Nature is a great complex system, which we do not fully understand, nor determine its connections with each other.
We are blind, touching and feeling pieces of information, which with our great imagination we process, seeking to give shape, to compare it with something already established; a pattern, sequence, graph or mathematical model.
Let me tell you a story from my childhood where he makes reference to all of the above.
In Antiquity, there lived six blind men who spent the hours competing among themselves to see who was the wisest. They expounded their knowledge and then decided among all who was the most convincing.
One day, arguing about the exact shape of an elephant, they could not agree. As none of them had ever touched one, they decided to leave the next day to find a copy, and thus leave doubts.
Standing in a row, with their hands on the shoulders of the person who preceded them, they set off along the path that led into the jungle.
Soon they realized that they were next to a large elephant. Full of joy, the six blind sages congratulated themselves on their luck. Finally they could solve the dilemma.
The most determined, pounced on the elephant with great enthusiasm to touch him. However, the rush made them stumble and fall face down on the side of the animal. “The elephant,” he exclaimed, “is like a mud wall dried in the sun.”
The second advanced with more caution. With outstretched hands, he went to fangs. “No doubt the shape of this animal is like a spear!”
Then the third blind man advanced just as the elephant turned towards him. The blind man grabbed the trunk and followed it up and down, noticing its shape and movement. “Listen, this elephant is like a long snake.”
It was the turn of the fourth sage, who approached from behind and received a gentle blow with the tail of the animal, which moved to scare the insects. The wise man grabbed the tail and resisted it with his hands. He had no doubt, “It’s like an old rope” exclaimed.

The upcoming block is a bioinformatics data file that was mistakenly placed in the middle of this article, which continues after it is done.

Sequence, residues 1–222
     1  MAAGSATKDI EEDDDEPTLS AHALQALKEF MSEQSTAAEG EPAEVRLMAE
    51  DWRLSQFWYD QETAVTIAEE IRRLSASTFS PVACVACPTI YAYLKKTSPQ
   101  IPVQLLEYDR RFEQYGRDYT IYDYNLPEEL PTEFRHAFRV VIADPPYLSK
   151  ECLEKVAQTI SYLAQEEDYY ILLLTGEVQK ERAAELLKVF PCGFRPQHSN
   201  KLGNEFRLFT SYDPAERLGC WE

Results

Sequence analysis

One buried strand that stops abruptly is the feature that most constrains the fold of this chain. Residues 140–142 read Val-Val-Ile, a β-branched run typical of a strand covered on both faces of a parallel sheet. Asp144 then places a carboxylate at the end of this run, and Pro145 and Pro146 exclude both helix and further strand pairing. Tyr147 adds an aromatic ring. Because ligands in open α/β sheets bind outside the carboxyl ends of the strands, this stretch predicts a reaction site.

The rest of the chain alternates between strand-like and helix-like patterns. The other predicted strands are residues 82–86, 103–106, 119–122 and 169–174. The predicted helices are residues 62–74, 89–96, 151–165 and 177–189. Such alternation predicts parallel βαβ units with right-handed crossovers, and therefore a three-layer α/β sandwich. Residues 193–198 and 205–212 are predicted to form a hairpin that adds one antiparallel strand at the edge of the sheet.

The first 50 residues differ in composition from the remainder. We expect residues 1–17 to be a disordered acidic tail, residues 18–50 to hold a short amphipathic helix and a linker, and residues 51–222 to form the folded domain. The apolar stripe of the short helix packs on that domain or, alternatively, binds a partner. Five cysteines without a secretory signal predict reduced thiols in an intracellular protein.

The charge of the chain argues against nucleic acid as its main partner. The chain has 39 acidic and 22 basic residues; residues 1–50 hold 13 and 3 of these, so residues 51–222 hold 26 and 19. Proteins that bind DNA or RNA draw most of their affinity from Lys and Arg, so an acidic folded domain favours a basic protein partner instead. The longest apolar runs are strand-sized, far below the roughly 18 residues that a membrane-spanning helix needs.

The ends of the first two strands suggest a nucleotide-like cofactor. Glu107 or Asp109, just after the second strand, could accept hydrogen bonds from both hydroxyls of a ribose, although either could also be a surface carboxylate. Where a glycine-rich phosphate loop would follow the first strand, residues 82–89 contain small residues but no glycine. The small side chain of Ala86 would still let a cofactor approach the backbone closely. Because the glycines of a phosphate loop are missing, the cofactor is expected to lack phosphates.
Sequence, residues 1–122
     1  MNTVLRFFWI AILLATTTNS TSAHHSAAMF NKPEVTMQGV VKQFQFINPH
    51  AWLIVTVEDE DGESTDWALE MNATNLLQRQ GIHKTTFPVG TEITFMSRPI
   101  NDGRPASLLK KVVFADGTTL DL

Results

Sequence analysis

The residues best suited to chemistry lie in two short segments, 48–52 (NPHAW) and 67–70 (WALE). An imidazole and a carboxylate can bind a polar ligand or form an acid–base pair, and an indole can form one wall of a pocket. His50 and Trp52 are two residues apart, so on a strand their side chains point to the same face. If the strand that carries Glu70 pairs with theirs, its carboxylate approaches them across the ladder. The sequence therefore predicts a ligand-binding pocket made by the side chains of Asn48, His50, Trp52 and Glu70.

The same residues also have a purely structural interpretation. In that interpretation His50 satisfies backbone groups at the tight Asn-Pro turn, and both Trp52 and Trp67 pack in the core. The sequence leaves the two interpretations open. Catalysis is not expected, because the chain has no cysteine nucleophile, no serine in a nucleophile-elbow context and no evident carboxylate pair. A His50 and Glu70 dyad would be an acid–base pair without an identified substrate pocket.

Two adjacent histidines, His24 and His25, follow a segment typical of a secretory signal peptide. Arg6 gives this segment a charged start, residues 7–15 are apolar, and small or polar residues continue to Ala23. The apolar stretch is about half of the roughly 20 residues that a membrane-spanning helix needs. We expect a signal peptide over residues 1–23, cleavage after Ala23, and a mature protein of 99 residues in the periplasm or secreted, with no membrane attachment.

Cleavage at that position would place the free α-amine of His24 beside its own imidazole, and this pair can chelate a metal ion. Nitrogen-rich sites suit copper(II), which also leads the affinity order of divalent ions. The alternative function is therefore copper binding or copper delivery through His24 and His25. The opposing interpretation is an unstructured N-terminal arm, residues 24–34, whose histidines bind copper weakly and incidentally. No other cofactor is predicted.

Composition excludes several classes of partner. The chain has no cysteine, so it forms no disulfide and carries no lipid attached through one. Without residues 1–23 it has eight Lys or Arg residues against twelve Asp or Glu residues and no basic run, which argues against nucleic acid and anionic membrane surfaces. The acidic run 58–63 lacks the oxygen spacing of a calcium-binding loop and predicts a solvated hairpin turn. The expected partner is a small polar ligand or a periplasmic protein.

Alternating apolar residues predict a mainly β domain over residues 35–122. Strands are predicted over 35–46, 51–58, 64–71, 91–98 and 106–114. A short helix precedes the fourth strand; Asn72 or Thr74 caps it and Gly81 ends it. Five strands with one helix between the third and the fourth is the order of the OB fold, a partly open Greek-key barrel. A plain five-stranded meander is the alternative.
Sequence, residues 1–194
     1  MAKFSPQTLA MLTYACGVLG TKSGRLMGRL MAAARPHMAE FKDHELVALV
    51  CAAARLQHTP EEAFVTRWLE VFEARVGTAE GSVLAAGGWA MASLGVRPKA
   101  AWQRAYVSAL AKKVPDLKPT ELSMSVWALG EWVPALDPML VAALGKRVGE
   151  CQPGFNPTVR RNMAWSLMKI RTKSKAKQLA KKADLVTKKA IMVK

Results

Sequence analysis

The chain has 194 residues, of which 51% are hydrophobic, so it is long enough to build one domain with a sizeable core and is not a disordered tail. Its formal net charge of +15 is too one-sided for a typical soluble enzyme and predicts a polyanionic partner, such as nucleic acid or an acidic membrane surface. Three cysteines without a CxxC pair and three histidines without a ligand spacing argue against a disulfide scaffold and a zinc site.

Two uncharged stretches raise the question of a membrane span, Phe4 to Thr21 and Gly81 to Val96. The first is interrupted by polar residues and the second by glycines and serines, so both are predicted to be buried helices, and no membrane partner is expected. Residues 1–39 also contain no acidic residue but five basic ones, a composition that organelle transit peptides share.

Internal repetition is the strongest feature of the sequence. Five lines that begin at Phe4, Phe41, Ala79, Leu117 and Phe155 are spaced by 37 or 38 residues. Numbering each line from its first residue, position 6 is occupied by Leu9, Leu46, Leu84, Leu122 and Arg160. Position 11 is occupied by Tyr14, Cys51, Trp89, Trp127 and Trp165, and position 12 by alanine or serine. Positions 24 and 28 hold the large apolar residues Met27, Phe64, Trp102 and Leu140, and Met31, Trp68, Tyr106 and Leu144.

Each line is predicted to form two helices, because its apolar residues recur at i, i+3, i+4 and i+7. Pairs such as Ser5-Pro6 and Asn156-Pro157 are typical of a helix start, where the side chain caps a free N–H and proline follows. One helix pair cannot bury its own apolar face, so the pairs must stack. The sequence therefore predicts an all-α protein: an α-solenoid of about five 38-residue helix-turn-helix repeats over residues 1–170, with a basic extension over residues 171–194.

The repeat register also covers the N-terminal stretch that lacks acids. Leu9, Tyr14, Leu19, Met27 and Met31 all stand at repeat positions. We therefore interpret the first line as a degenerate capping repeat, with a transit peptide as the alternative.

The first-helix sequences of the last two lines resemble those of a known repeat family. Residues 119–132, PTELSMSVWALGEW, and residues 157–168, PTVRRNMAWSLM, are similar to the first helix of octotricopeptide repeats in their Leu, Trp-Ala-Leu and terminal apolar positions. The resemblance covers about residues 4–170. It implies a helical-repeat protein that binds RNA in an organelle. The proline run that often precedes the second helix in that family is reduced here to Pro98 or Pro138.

The fifth of the wise ones found the ear and said: “None of you has been right in his form. The elephant is more like a large flat fan. ”
The sixth sage, who was the oldest, walked towards the animal slowly, hunched over, leaning on a cane. As bent as he was by age, he passed under the belly of the elephant and tripped on one of its thick legs. “Listen! I am touching it right now and I assure you that the elephant has the same shape as the trunk of a large palm tree. ”
Satisfied their curiosity, they returned to shake hands and took again the path that led them to their home. Seated again under the palm tree that offered shade they resumed the discussion about the true form of the elephant.
“Everyone had experienced for themselves what the true form was and believed that others were wrong” .
In the arduous work of systematizing nature, how blind we are, not being able to see, listen and interrelate the data that more colleagues, to form the real image, whatever.
We have an apparent reality, 20%, where the rest is hidden, interwoven to what we are studying, waiting to be discovered, where the biggest surprise, is to go discovering its elements, like a puzzle; or as an iceberg, that we only see a part, and when diving, we have to lower more and more to be able to marvel at its hidden greatness; what makes it be, where its strength comes from, i flotation, thrust and balance.
“ALL WORK OF NATURE, A GREAT TEACHING ENCLOSURES”
What does my dear reader think?